Updated: Dec 12, 2019
When it comes to marketing it can have an extremely bad rap. Mostly thanks to people like this guy:
And this guy:
Nevertheless, I'm still a firm believer in using marketing as a force for good and embracing it as an art form that encompasses communication, consumer psychology, creativity, and data. In today's competitive landscape, talented marketers and amazing marketing campaigns are the one's that standout. Consumers are getting smarter and more tech-savvy, meaning, being transparent and putting the customer first should be every marketer's number one priority.
So, I would like to take the time to share my three favourite ways to use marketing as a force for good.
1. Think Social Marketing
The concept of social marketing is probably my favourite aspect of marketing. The primary goal of social marketing is to achieve "social good" and to create a positive change in behaviour. Learning about this concept in school is truly what made me fall in love with the idea of marketing.
In one of my classes back in university the Marketing and Communications specialist from the City of Edmonton did a presentation on social marketing where she shared a number of examples of the city's social marketing campaigns.
One of her examples was the Go Bagless campaign. For anyone who lives in Edmonton, I'm sure you're familiar with the ads. The overall idea of the campaign was to encourage Edmontonians to stop bagging their yard clippings and to Go Bagless, allowing clippings to spread freely across one's lawn. This not only adds additional fertilizing benefits but it also significantly reduces waste. During the summer months, grass makes up the largest portion of waste in Edmonton's landfills. By choosing to go bagless, Edmontonians contribute in reducing unnecessary waste.
The promotion outlines the three main reasons to Go Bagless:
1. It's healthier and better for your lawn
2. It's easy
3. It's better for the environment
The real beauty about social marketing is that it can easily be adapted and woven through almost any marketing plan or campaign. Thanks to Millenials and Gen Z, it's no longer enough to just offer products, these cohorts want to see companies engaging in socially responsible efforts. They want their services and products to make a difference in the world. It seems the younger the generation, the more importance they put on voting with their dollars. Because of this, if you're a company that sources ethically made products, makes an effort to be more sustainable, or creates products to help people lead more healthy lives, all of this can be positioned as a form of social marketing.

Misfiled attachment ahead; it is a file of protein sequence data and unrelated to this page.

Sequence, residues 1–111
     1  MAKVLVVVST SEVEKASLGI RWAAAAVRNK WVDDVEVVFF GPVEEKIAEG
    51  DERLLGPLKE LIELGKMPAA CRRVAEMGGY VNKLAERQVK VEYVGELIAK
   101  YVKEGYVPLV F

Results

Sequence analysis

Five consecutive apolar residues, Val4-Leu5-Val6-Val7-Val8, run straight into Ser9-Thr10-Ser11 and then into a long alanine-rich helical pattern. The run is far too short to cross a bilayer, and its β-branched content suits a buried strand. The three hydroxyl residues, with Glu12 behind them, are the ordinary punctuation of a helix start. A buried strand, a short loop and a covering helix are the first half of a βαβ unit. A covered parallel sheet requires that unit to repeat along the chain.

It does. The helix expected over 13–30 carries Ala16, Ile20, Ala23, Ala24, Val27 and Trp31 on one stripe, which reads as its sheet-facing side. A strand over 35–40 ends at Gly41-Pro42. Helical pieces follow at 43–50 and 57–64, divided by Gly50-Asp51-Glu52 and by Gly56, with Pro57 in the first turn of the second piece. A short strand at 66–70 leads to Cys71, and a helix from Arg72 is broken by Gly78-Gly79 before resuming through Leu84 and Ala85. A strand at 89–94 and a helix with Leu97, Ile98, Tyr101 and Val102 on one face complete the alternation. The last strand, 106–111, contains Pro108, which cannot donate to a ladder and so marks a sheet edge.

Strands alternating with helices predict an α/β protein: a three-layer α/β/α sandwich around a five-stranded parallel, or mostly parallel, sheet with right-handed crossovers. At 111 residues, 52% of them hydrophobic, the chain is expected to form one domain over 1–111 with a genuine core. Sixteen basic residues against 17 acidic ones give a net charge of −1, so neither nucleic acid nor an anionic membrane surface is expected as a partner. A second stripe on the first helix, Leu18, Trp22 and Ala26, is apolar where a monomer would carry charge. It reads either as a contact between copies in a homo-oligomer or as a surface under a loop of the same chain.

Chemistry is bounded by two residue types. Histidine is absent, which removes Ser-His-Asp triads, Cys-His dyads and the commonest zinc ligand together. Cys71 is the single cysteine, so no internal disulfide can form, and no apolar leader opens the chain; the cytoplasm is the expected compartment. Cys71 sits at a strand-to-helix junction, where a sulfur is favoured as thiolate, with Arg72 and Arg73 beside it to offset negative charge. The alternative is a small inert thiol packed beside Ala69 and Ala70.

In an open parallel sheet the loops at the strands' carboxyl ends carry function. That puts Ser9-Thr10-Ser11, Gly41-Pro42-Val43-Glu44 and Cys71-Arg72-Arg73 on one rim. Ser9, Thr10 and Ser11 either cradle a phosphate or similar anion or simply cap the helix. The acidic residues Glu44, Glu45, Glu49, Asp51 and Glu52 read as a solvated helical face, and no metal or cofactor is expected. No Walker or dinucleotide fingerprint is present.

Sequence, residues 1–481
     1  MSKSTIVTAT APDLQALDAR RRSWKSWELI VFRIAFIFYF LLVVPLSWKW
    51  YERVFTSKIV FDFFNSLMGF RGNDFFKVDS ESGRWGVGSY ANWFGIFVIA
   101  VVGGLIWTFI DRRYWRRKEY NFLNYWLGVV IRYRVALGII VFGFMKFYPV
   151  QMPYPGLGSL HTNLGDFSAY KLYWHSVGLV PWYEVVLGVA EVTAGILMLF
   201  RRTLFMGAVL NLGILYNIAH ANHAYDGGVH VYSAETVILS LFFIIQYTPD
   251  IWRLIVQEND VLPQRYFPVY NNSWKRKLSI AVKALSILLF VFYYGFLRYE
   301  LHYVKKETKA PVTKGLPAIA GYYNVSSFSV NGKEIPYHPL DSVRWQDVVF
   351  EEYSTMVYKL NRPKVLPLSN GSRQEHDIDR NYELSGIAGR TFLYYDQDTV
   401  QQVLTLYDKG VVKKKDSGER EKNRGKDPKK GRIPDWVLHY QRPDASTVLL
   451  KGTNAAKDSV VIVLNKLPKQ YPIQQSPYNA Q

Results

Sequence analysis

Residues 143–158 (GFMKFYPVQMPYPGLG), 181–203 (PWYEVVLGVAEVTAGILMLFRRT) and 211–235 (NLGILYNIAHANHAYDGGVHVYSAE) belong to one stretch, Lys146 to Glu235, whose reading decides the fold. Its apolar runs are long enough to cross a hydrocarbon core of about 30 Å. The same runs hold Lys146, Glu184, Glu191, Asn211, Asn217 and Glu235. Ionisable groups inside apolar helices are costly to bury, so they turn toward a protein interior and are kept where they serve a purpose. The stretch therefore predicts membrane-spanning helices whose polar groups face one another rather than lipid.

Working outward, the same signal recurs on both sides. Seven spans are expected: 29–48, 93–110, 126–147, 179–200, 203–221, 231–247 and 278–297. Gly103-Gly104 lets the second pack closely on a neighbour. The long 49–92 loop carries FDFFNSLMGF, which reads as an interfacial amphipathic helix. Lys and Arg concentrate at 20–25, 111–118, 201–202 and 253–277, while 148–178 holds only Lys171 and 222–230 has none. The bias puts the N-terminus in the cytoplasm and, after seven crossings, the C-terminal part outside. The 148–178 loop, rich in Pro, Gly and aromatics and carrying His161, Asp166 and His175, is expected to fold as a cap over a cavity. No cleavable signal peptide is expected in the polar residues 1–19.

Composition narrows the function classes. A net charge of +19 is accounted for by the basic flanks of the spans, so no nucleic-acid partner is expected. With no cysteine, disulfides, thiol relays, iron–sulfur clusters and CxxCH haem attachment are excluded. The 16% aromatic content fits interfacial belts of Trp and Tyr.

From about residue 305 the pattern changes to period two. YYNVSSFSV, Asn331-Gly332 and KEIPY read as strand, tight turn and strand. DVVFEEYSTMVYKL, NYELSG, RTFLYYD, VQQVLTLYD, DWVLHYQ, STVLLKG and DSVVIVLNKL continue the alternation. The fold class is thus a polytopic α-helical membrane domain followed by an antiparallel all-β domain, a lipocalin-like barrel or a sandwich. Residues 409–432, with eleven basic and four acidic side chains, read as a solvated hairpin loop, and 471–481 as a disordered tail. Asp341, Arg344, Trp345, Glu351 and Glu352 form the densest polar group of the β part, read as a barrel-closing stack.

Consumers are choosing to support companies that are using their business as a force for good over the leading company that's only goal is growing their bottom line, no matter what the cost. (B corps anyone? - if you're not familiar with them, fret not, my upcoming post will go over this amazing certification) Any company that chooses to do a little more by using their products or services to create meaningful change can in and of itself be a form of social marketing. You as the marketer are educating your audience on how using your products/services creates social good, which in turn creates social change.
Consumers are more interested in the why behind your product or service. What is it doing to help make the world a better place? Share this loudly and proudly with your consumer base and it's very likely that they will not only support you with their dollars, but they will also get vocal and advocate for you through their social platforms and through the best weapon of them all, word-of-mouth.